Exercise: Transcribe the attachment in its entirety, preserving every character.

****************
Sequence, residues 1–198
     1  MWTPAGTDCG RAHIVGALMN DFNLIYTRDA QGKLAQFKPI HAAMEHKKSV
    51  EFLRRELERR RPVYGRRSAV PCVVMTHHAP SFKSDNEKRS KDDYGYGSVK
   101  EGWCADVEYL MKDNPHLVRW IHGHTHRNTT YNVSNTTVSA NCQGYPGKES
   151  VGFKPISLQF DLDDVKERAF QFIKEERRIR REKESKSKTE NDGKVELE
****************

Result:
Sequence, residues 1–198
     1  MWTPAGTDCG RAHIVGALMN DFNLIYTRDA QGKLAQFKPI HAAMEHKKSV
    51  EFLRRELERR RPVYGRRSAV PCVVMTHHAP SFKSDNEKRS KDDYGYGSVK
   101  EGWCADVEYL MKDNPHLVRW IHGHTHRNTT YNVSNTTVSA NCQGYPGKES
   151  VGFKPISLQF DLDDVKERAF QFIKEERRIR REKESKSKTE NDGKVELE